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11

Very short answer: No Quite Short answer: No, because a scheme can only be a One-Time-Pad if the entire pad is perfectly random and secret. Concise answer: It sounds like you're trying to build a stream cipher. The security of it really comes down to how much of the scheme you think can be kept secret. If I listen in to your wifi and hear you requesting a ...


8

The general scheme is called Three-pass protocol and works for all commutative ciphers. It is secure for some of them, but xor (and modular addition) are insecure choices. Your scheme: A->B: $c_1 = m \oplus a$ B->A: $c_2 = c_1 \oplus b$ A->B: $c_3 = c_2 \oplus a$ B computes $m = c_3 \oplus b$ an attacker sees all of $c_1$, $c_2$ and $c_3$. So they can ...


7

Let's say Alice and Bob have $c$ bits of pre-shared secret key material. Alice generates $a$ bits of new key material, concatenates it to a message $M$ that is $b$ bits long, and uses $a+b$ bits of their pre-shared key material to encrypt "message||new-key". She sends this secure message to Bob, who decrypts it with the shared key. Now they both have $a$ ...


6

What you've described is generally called a "book cipher" or "Ottendorf cipher", where the "key" is knowing which publication is being referenced, as well as the algorithm for recovering information from it. A hundred years ago they were quite secure because not only were books fairly rare, but trying every book against an unknown cipher was very time ...


6

If "this message" is the plaintext, then that doesn't actually help, since encrypting the new secret key uses up an amount of the old pad equal to the length of the new secret key, the total length of all "actual messages" will still be limited to the total length of the original one-time pad. If "this message" is the ciphertext, then an eavesdropper will ...


5

There are four concerns here: Pad generation Pad transmission Message privacy Message authenticity Pad generation The security of the one-time pad depends on the assumption that the pads are generated from a truly random source. This is actually quite a big ask. Suppose for a moment that you want to exchange a 4 gigabyte pad. Let's say your RNG does ...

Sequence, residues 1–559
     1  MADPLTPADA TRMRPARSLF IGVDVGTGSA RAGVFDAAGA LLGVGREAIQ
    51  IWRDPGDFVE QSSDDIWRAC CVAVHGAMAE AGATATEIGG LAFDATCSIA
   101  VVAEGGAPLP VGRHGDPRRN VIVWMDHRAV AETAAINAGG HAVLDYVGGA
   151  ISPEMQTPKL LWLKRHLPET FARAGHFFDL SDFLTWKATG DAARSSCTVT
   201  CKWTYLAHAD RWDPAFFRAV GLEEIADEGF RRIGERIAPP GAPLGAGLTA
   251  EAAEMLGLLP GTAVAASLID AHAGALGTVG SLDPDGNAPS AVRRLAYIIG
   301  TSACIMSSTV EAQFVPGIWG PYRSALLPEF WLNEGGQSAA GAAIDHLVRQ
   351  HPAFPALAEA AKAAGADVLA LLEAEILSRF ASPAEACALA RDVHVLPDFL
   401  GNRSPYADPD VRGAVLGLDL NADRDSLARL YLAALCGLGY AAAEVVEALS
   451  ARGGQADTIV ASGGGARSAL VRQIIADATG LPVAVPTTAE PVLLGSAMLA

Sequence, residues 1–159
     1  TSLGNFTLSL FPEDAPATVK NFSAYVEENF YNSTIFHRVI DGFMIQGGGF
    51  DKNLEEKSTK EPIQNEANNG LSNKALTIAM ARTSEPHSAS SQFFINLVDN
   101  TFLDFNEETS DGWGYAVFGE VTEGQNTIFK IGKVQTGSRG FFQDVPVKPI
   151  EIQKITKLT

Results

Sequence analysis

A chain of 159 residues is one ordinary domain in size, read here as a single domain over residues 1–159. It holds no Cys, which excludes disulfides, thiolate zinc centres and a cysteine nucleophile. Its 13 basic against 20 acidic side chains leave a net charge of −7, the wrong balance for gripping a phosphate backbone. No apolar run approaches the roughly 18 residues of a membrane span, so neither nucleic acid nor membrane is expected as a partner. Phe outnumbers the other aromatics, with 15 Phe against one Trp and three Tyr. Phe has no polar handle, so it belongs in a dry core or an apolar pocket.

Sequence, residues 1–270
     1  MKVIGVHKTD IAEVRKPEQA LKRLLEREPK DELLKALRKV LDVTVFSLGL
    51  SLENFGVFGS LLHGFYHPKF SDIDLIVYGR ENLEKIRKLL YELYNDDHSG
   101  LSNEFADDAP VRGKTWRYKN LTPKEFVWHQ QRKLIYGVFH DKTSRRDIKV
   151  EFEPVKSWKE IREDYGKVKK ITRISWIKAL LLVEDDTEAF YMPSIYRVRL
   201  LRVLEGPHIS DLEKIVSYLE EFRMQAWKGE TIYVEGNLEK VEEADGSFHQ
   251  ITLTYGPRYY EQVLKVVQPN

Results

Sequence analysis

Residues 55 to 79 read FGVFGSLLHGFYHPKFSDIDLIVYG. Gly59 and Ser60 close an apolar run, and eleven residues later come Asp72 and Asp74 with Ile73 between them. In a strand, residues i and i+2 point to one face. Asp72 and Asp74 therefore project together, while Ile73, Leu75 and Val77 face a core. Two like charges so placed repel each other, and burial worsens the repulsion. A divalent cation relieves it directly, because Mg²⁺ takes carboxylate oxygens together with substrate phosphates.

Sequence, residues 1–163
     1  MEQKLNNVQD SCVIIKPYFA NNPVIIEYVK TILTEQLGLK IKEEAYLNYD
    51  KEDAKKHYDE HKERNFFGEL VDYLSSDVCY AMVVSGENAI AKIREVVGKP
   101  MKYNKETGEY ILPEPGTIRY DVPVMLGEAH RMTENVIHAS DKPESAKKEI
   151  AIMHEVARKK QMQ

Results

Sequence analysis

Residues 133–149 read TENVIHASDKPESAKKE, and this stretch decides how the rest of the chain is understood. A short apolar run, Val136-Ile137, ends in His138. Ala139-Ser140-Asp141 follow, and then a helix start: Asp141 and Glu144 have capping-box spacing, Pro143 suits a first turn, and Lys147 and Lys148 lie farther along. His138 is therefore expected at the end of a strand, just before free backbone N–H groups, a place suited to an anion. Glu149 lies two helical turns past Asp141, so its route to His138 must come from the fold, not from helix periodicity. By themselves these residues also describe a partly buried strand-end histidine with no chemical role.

5

Actually, the problem with OTP isn't the storage of the pad (although secure erasure of the parts of the pad you used is trickier than it looks), and it isn't the pad generation (although, again, that's trickier than it looks), but the secure transport. After all, it's not enough for you (Alice) to have the secure pad, you also have to give a copy to the ...


5

Assuming that you have not used the one-time pad bits $k_2, ..., k_{N+1}$ to encrypt another message, then the answer is no, the attacker cannot determine the message. This can be seen by using the normal proof of One Time Pad's security; the bits $k_2, ..., k_{N+1}$ are random and uncorrelated to any other bits the attacker has access to; hence the ...


4

Well, for one thing, you are not using a "One Time Pad". A "One Time Pad" means, by definition, that someone generates a pad of numbers using true randomness (and not algorithmicly), and that no potential adversary has any information on what that pad may contain. Then, that pad is given to both the sender and the receiver, and then the sender uses it to ...


4

A one time pad (OTP) should by definition not have any patterns. An entropy source can have patterns, but an OTP by definition should consist of pure random bits. In general you can create something that is close to a true random number generator by applying a cryptographic hash function over the output of an entropy source. According to NIST you should ...


4

All of the responses so far have answered your question, but it is interesting to note that this method of collecting random mouse movements has been implemented before by a commercial Certification Authority. I speak from first hand experience of using this, because I worked for the company the created it. Baltimore Technologies (now Verizon Enterprise ...


4

If your key material is properly random and at least as long as that which is to be encrypted, and indeed each key is used only once, then one-time pad is indeed applicable. As was noted: Distribution of keys will be a hard problem. OTP makes practical sense only in scenarios where keys can be distributed at some time T, then used for encrypting and ...


4

Since bits are independently generated, the entropy of the key is the sum over the entropy of the individual bits. The following calculations use the chance $P(x)$ of a zero or one bit. The first 5 bits are constant and thus have 0 entropy. The others are unbiased and have 1 bit of entropy each. $P(0)=P(1)=0.5$. $-2\cdot(0.5 \cdot \log_2(0.5))= ...


3

You can construct a one-time MAC that has a similar properties to the OTP. Better still, it uses a fixed number of bits for each message. Here's how it works. Choose the closet prime to your message block size. Let's say you plan to process 128-bit chunks of your message. Let's say there are $L$ such blocks. The first job is to pick the first prime larger ...


3

(The below may be a bit cryptic if you don't know Python.) The idea is not to decode the message, but to manipulate it. Since your ciphertext is C = OTPkey ^ "attack at dawn" all you need to do is to XOR the last 4 bytes of the ciphertext with the original text "dawn" and then again with "dusk", for example: C ^ "attack at dawn" ^ "attack at dusk" ...